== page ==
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Menopause in the workplace

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Discrimination legislation and workplace issues surrounding the menopause are to form part of an upcoming Government inquiry - as employment tribunal claims in this area of the law are on the increase and employment law solicitors see it as a potential area of conflict in the workplace.

Head of Employment Law at Pearson, Susan Mayall, advises:  “When we look at menopause in a workplace scenario and consider if there is potential for tribunal claims and discrimination, then I think that disability discrimination is the most likely area to gain traction.”

The House of Commons Women and Equalities Committee is due to look into the extent of discrimination and the economic implications of women in work with menopausal symptoms.  In addition, they are to consider whether further legislation is needed to deal with discrimination relating to the menopause and if specific policies are needed to protect women.

Menopause Discrimination

Menopause discrimination is currently covered under the Equality Act 2010 under the protected characteristics of age, sex and disability discrimination. Existing legislation protects people from discrimination in these areas, but it has been mooted that further measures, such as a workplace menopause policy, is needed by employers.

In any potential tribunal claims Susan advises:  “If a woman could provide evidence that she has suffered a physical or mental impairment that has a substantial long term adverse effect on her day to day activities then she would gain protection.  Her employer would be required to consider making reasonable adjustments such as flexible working hours.”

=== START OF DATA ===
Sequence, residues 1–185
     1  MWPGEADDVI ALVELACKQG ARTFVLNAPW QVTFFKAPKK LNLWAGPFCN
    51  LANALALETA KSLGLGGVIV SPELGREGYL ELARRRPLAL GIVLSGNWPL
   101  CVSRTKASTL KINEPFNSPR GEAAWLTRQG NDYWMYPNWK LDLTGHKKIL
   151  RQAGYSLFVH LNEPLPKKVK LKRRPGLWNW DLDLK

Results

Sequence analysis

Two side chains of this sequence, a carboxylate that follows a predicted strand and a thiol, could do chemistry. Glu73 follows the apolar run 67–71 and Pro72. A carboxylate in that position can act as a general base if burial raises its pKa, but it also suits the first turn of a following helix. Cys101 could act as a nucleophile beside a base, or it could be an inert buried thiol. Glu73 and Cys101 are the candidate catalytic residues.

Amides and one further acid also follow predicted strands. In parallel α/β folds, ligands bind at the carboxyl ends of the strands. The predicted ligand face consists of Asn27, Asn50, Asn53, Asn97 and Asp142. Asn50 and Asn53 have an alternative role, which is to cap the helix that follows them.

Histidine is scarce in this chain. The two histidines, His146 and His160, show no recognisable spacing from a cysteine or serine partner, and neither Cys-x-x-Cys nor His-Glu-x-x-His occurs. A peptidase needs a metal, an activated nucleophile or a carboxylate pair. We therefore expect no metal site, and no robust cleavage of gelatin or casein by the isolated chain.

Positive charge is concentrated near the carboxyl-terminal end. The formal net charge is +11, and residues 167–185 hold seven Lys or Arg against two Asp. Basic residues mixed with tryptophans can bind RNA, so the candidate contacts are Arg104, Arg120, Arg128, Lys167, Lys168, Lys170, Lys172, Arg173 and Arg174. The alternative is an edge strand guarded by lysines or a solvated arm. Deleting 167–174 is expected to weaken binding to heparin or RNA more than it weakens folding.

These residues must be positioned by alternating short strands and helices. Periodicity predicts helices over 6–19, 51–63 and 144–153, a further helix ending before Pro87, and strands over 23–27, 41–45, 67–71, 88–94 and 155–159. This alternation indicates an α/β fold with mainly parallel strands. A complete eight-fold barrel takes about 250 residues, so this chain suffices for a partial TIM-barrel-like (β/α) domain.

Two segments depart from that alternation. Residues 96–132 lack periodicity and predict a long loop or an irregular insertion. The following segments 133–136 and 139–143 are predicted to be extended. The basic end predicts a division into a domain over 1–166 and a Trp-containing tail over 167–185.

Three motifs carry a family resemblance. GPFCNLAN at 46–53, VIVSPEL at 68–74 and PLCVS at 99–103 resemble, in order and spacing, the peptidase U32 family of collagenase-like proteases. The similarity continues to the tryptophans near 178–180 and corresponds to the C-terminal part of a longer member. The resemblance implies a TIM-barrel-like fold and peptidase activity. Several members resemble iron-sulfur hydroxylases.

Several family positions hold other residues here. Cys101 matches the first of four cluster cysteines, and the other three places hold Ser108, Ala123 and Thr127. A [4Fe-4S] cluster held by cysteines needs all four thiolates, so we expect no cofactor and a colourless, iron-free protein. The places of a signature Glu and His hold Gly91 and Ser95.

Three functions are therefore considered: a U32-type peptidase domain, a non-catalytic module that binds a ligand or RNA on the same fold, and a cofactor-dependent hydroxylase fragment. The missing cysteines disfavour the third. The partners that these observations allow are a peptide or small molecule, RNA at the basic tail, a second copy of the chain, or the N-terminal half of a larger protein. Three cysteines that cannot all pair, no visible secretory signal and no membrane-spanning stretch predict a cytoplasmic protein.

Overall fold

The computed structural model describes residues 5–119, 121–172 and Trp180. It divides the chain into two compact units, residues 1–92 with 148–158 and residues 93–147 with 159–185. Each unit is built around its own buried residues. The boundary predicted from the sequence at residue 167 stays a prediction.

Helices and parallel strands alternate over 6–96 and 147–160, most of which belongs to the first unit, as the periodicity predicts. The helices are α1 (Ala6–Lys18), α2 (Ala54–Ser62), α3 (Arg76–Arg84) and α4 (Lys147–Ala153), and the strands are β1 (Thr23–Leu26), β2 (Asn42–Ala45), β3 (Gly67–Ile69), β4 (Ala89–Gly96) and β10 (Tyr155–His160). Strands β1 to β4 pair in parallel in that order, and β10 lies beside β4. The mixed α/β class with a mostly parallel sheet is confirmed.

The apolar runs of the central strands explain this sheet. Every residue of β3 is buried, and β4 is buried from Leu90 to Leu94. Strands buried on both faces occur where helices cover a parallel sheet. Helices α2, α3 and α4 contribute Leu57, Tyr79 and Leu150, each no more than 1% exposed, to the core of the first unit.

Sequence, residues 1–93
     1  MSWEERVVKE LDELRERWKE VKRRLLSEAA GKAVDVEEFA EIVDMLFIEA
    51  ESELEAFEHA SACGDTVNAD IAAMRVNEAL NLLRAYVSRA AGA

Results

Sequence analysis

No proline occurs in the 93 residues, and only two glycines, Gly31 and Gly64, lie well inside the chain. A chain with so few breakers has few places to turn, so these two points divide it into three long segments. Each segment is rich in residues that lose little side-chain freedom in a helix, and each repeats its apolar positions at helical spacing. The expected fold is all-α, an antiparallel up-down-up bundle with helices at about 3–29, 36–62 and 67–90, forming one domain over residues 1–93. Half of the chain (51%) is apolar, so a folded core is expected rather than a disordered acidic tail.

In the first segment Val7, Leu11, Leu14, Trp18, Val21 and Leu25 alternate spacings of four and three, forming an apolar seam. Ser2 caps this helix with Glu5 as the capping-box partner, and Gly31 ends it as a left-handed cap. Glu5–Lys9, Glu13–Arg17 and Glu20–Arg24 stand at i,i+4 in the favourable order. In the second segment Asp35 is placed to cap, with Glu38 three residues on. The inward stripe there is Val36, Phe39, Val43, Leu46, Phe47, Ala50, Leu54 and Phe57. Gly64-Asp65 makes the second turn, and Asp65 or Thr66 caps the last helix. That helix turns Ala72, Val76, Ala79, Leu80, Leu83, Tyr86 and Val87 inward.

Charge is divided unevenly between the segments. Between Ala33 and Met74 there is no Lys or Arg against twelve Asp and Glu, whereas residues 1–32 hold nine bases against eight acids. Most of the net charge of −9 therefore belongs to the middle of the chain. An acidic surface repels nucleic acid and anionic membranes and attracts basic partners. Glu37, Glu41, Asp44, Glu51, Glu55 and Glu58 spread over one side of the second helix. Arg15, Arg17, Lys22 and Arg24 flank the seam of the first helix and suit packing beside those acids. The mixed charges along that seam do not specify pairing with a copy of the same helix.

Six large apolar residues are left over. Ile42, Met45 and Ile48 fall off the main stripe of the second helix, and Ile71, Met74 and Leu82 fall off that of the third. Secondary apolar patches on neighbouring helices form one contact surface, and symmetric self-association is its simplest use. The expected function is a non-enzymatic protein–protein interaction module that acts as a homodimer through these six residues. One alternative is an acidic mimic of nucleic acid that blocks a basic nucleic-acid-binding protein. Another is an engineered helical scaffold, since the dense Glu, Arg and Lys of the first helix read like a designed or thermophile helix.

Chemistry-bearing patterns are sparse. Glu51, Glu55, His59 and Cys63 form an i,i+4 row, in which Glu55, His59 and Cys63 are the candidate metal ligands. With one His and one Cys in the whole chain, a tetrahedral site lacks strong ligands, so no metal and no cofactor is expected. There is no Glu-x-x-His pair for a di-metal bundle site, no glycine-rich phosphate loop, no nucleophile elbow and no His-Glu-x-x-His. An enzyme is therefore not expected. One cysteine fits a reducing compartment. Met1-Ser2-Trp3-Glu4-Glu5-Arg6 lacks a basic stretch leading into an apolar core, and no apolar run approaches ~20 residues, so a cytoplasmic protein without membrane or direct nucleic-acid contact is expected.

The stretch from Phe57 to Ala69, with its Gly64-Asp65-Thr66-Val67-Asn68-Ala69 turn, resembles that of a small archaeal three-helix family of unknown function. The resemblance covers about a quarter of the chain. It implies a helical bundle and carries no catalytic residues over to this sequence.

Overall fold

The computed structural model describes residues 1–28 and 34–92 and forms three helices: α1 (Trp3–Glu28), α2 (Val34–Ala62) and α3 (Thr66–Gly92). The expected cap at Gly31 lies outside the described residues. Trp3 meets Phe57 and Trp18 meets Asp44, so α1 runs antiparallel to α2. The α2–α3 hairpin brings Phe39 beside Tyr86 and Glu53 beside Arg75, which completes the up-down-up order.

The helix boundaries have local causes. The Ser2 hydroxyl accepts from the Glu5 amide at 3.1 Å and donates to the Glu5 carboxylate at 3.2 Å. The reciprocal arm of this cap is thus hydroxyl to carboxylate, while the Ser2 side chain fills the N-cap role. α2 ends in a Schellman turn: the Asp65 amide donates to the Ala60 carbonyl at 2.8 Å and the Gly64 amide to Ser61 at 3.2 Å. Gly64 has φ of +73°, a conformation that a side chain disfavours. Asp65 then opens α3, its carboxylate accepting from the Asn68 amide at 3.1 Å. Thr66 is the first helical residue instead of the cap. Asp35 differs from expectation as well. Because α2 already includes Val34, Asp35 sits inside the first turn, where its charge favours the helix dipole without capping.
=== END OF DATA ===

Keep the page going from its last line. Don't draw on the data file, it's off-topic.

“As always I urge my employer clients to have a conversation with their employee and to keep communication channels open, just as they would if the employee had broken their leg or had a cancer diagnosis, they can then enquire into whether there may be reasonable adjustments which would help.”

Rising discrimination claims

It is estimated that almost one million women in the UK have left work with issues surrounding the menopause with many women in their 40s and 50s at the peak of their careers.  Now an increasing number are citing the menopause, alongside unfair dismissal and sex discrimination, in tribunal claims.

Five employment tribunals referenced menopause in 2018, six in 2019 and 16 in 2020 and this has increased again already in 2021.

One recent employment tribunal which referenced the menopause did not find the employer had discriminated against the female employee when commenting on her menopause, but instead stated that treatment by the employer amounted to harassment.  In another claim a woman was ruled disabled ‘by reason of the menopause’.

“I welcome this forthcoming inquiry and further clarity in the law in the area of menopause and employment law,” adds Susan.  “Currently tribunal claims have been looking at sex, age, harassment, disability and so it is clear some guidance is needed in this area of the employment law.”

Menopause Policy

Susan adds: “I am currently looking into advising employers to consider including a menopause policy in their staff handbooks going forward.  A menopause policy would also help an employer to use the statutory defence (if harassment was linked to the menopause and its symptoms) but the employer would need to evidence that training, support and advice had been given to managers on how to deal if such a situation arose, rather than just relying on having produced a policy.”

Acting for both employers and employees gives us a clear view of both sides in any claim, we know how we can help you.  If you run a business and need advice on your employment policies and contracts don’t hesitate in contacting our employment law solicitors.

If you have a question on discrimination in the workplace our employment law team offers a free initial telephone consultation, followed by an appointment at a fixed hourly rate.

For advice on all aspects of employment law contact our team on 0161 785 3500, email employment@pearsonlegal.co.uk

Please note that the information and opinions contained in this article are not intended to be comprehensive, nor to provide legal advice. No responsibility for its accuracy or correctness is assumed by Pearson Solicitors and Financial Advisers Ltd or any of its members or employees. Professional legal advice should be obtained before taking, or refraining from taking, any action as a result of this article.

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